Drupal has all the elements to build a custom content model that can mirror a DITA specialisation. The really exciting thing is that this data model can be built from the UI, without a single line of code. While there are considerable drawbacks to the usability of the resulting interface, the fact that this is a free and open source implementation means that those who have more time than money could use this implementation as a starting point to build a DITA CCMS that accommodates an arbitrary specialisation.
I am really excited about this because for the first time it is now feasible to build a completely free and open source CCMS for DITA, or for any other XML language for that matter. Such a starting point would enable a community of DIY technical writers to bootstrap a full featured open source CCMS. Through small incremental improvements the community could further improve the implementation so that it becomes useful for a broader audience.
To achieve this I’ve used the following modules:
Paragraphs: normally meant to enable rich structured web pages, that don’t rely on a WYSIWYG editor. The Paragraph field lets you define a set of predefined field bundles that can be added at a location in the page. Because you can add a paragraph field to a paragraph bundle, this allows you to nest bundles as deep as you need them to go (this is hard to explain, just watch the screencast if this wasn’t clear).
Asset: the asset module was originally conceived to enable reuse of media assets. But because it is possible to create custom assets with any fields you want, this enables you to define a series of elements that can be added into a CKeditor field, with an arbitrary content architecture. Currently assets display as blocklevel elements. But I think it should be possible to define in-line elements. As a bonus the Asset module includes assets by reference, which means you can use this to create arbitrary reusable elements. So Drupal can also do transclusion...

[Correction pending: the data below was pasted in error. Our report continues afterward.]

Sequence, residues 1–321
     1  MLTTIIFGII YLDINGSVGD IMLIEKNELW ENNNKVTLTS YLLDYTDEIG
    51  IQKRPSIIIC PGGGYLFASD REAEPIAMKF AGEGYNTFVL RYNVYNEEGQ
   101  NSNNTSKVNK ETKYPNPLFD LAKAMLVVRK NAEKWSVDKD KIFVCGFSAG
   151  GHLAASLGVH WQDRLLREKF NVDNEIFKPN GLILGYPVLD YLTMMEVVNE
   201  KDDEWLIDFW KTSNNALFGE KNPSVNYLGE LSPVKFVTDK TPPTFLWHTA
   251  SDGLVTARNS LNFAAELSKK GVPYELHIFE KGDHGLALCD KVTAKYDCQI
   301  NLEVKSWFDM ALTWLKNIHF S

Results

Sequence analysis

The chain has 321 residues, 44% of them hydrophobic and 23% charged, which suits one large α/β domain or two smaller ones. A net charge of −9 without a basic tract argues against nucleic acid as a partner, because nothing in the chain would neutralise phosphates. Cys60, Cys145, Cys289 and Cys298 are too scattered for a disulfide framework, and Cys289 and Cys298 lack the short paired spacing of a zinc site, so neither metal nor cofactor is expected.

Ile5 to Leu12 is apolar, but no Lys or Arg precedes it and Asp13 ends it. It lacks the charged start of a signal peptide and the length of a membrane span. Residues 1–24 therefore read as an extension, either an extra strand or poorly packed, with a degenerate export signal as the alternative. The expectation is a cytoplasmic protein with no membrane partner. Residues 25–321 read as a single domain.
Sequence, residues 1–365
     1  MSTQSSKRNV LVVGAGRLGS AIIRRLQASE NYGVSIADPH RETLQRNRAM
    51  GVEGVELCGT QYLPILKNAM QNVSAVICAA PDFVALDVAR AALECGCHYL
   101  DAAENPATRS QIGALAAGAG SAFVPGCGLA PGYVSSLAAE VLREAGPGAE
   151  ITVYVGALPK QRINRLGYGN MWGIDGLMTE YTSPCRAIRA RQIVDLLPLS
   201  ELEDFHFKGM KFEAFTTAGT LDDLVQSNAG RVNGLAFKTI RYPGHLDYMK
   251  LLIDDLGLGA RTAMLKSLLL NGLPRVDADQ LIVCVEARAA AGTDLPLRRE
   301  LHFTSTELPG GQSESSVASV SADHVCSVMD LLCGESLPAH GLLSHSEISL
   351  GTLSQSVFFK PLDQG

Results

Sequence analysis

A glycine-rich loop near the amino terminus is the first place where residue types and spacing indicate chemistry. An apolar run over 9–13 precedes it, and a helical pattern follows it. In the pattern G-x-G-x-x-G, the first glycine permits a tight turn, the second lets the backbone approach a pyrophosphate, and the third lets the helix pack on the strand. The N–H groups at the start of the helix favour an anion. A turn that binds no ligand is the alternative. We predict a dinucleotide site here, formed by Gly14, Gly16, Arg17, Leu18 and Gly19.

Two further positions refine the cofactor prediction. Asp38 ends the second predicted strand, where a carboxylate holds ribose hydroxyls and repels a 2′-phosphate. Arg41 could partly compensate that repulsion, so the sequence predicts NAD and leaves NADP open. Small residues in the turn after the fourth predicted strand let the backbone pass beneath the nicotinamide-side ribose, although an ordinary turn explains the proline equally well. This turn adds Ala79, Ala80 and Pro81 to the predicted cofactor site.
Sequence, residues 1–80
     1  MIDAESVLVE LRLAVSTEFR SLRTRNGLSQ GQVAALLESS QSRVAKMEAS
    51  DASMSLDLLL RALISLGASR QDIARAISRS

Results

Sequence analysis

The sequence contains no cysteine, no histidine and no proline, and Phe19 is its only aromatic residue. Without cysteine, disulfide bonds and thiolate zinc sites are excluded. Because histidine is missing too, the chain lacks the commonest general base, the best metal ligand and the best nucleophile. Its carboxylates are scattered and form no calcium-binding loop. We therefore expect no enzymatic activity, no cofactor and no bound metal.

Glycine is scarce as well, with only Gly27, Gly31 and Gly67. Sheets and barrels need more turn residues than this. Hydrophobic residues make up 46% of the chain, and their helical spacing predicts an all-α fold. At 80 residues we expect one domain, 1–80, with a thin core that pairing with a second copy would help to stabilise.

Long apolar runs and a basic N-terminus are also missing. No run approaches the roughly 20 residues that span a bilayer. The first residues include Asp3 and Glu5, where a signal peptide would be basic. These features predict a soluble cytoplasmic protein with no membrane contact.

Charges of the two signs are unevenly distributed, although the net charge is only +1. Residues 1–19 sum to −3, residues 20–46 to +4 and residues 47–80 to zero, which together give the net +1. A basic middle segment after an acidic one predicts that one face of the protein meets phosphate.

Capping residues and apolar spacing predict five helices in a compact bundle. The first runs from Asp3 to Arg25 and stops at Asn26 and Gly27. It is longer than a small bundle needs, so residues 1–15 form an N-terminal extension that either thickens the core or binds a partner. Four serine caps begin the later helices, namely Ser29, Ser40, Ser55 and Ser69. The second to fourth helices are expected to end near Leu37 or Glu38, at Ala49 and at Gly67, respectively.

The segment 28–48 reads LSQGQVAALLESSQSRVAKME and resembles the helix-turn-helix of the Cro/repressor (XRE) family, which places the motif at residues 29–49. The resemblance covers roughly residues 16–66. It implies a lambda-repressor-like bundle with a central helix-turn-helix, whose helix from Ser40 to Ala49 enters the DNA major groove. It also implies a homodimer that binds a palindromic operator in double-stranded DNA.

This is fairly complex to express in words, so I’ve included a screencast that shows you how the modules work and what you can do with them.
The video shows:
The paragraphs module and how you can use it to:
- add a paragraph
- define what bundles to use
- create a paragraph bundle
- add fields to a paragraph bundle
The asset module and how you can use it to:
- define what assets can be used by a filter type
- create a new asset
- add fields to an asset
A prototype for the DITA task content model and how you can use it for:
- obligatory elements
- optional elements
- grouping elements under a top level group
- choosing between 2 optional elements
- adding any number of optional elements
- infinite nesting
The content model, while closely resembling the DITA model, will have some redundancy: sometimes you need an additional level in the form to achieve the proper behavior (e.g. when you can choose between 2 optional elements). Also in some cases it might not be possible to name the label conform to DITA standards because of the expected label format in Drupal.
To get to a valid output it would be enough to build an output function that generates an XML file in which each of the fields is encapsulated in a tag pair for the field name upon which an XSLT transformation is done to remove redundant elements and to replace fields with an incorrect tag with their proper element tag.
Since we don’t need to move elements around, a simple replacement feature should be enough to generate valid DITA XML. It is easy to imagine a visual interface that would enable someone who is not a developer to build this transformation, through a series of replacement pairs, so that you wouldn’t need a developer to build the content model and to generate the proper output.
So what is next? Should we build such a CCMS? Maybe we could make an example implementation for Lightweight DITA? The only part that is currently missing is the output function and it’s interface. If there is sufficient interest I will consider asking one of our developers to build the module and we could build the Lightweight DITA implementation at a code sprint, at one of the coming DITA conferences.
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